Indianapolis, IN, United States | Member Since 2008
Duke Hart Mackenzie is politically motivated, strong willed, the leader of his family and his political party. Widowed for many years and having suffered the loss of his infant son, he has been concentrating all his energy into gaining power. Now nearing victory, he needs a wife who can stand at his side, to be hostess to all the balls and fetes that will be expected of a Prime Minister. Lady Eleanor Ramsay is the one who got away, the woman who jilted him many years ago, though he never really understood why, despite her explanation. Now he has her back in his sphere of influence, he is determined that she will fulfill the role he has planned for her. This is the 4th of the Mackenzie series. I enjoyed the characters, especially the growth experienced by the Duke, motivated by the events in the plot.
An anthology of 5 contemporary holiday romance stories. I can easily say that this was a high average listen. I enjoyed checking back in with Drew Evans in It's a Wonderful Tangled Christmas Carol by Emma Chase. The narrative style Chase uses is very engaging, and Sebastian York gives a great performance. Searching for You by Jennifer Probst is entertaining. The chemistry between the protagonists is hot, and so is the sex. Saving Grace is about a sweet klutz who falls for a smooth operator. It is well-written, and the narration was good. Safe in His Arms by Melody Anne was sweet, but very compact. Rekindle the Flame by Kate Meader was my least favorite. The premise and characters were great, but the narrative was too passive for my tastes. The narration was great.
Overall, this was a good listen while decorating the tree and wrapping gifts.
Genre: paranormal/urban fantasy, romance
This book was my intro to John Charming, though there are at least 2 novellas that precede this story. I just got all the novellas available for my Kindle, and they are there, waiting for me. I have this book in both electronic and audio formats, but mostly, except for some character clarifications, I stuck with the audio. The narration by Roger Wayne is good, and Tantor provided it's typically excellent production. Anyway...
A Valkyrie and a vampire walk into a bar (oops, I mean pub)... So, this guy is working at a pub (decorated in authentic hey y'all SW Virginia style) in a small university town. He's living under an assumed name and a curse. His name is John Charming, former member of the monster hunter Knights Templar who happens to be a monster himself. Anyway, he ends up teamed with the Valkyrie and a motley band of folks who aim to kill some vampires. What follows is humor, action, and a touch of romance. And it is so well-written that it's easy to get involved in the characters and plot.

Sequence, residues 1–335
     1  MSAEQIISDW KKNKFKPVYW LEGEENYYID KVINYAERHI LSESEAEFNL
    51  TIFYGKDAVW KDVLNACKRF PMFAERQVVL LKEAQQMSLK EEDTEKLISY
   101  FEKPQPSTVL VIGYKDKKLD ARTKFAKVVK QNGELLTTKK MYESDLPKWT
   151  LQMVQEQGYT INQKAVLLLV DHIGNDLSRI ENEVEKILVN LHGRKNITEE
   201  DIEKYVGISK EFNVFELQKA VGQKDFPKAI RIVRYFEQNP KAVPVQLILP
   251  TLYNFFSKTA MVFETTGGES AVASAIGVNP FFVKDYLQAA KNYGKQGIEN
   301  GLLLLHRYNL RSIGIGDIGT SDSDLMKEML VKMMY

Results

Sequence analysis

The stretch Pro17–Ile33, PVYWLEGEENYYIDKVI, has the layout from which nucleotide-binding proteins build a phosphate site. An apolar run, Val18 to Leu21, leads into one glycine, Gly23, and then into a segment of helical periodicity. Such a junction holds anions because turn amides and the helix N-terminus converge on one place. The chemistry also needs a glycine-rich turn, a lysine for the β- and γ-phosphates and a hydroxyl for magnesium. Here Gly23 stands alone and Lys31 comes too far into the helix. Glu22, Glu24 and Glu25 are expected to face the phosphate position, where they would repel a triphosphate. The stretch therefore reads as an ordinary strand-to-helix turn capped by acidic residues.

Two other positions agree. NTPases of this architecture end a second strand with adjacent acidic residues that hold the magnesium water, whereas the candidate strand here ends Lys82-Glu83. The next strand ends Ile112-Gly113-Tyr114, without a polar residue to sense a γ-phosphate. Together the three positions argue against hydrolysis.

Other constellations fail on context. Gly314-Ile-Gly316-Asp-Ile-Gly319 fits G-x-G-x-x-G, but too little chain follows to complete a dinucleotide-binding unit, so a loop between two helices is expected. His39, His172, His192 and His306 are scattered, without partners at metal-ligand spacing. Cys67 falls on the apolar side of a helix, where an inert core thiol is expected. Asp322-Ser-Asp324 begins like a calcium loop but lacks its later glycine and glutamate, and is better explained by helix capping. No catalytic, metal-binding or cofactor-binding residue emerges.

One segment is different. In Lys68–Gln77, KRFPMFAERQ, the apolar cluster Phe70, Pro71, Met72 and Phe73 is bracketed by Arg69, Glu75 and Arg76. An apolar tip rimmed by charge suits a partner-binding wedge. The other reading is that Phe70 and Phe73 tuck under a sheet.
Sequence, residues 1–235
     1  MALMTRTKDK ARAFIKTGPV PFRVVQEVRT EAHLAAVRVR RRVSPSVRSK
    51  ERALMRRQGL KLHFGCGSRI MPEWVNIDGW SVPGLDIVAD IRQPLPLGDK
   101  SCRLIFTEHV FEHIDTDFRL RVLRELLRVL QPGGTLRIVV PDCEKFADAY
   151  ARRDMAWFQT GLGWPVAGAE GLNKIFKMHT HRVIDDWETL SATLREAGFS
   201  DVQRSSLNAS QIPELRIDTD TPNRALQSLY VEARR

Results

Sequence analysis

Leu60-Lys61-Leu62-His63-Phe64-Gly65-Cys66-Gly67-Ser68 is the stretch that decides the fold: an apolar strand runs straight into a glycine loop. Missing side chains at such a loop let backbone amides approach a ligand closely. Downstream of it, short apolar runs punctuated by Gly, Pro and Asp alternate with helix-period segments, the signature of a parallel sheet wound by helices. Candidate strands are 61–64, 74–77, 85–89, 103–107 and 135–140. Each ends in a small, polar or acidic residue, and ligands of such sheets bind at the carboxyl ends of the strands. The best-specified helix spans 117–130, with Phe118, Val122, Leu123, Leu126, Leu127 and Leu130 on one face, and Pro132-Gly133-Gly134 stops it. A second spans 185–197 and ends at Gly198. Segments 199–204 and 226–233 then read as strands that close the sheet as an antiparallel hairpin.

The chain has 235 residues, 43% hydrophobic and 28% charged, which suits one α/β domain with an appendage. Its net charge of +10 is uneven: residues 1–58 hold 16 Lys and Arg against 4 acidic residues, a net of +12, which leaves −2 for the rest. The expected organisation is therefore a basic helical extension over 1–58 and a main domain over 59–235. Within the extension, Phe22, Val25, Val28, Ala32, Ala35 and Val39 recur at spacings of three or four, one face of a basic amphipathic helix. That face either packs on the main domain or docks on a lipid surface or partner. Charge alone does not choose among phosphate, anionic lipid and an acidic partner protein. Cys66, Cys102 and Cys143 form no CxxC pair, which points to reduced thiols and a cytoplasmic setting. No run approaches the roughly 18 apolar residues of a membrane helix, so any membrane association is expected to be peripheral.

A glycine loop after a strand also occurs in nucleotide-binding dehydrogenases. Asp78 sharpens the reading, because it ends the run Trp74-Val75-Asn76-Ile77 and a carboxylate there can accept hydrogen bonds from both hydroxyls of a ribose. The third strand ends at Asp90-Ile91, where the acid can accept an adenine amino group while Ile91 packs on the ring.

The story is told in first person, as though John is talking to his audience, though that aspect isn't really in your face. You know what he looks like (black hair, blue eyes, 175 pounds and 6" tall) because he tells you through comparing his actual looks to the license of the dead guy whose identity he has assumed. His personality is revealed through actions and how others interact with him. The author does not wander into the POV of other characters, and they are revealed as John sees them, colored by his impressions and preconceptions. I admire (practically worship, actually) any author who can tell a story without jumping into a bunch of character's heads in order to make things easy. James has a wonderful vocabulary, and knows how to use it to get the best emotional reaction.
Not having read other installments of John's story, I still get the impression of a supernatural Jack Reacher, Lee Child's suspense thriller hero. Just from what he reveals through the narrative, I think he must go place to place to stay ahead of the monster hunters after him while he deals with the monsters he comes across. I guess I'll learn more about the character as I read, and I'll see if James can keep Charming fresher than Child has done with Reacher.
Setting: California, England, and New York. Contemporary
Well, I'm trying to review this on the merits of the story. The premise is one that's more common in regency romance: Filthy rich Duke must, because of stipulations in his father's will, marry by his birthday on Wednesday. It's Monday. He goes to a matchmaker, but decides to marry her instead of the candidates she provided. Sound familiar? Anyway... This author didn't come close to knowing how noble titles are passed. Yes, a personal fortune can be passed to someone other than the heir to the title, but entailed properties cannot. That entailed estate may be debt-ridden, but it still cannot pass into the hands of the next guy in line. Well, it can happen, but generally, dad has to declare his son a bastard, and dad isn't around to do that, being dead and all. Oh, I also have a problem with the afore-mentioned filthy richness. This Duke was so greedy he had to have it all? If he didn't get it, half was to go to charity, a quarter to be shared between his mom and sister, and the cousin to get a quarter. Needless to say, I found the whole execution of the premise simplistic and unreasonable, especially in a modern setting.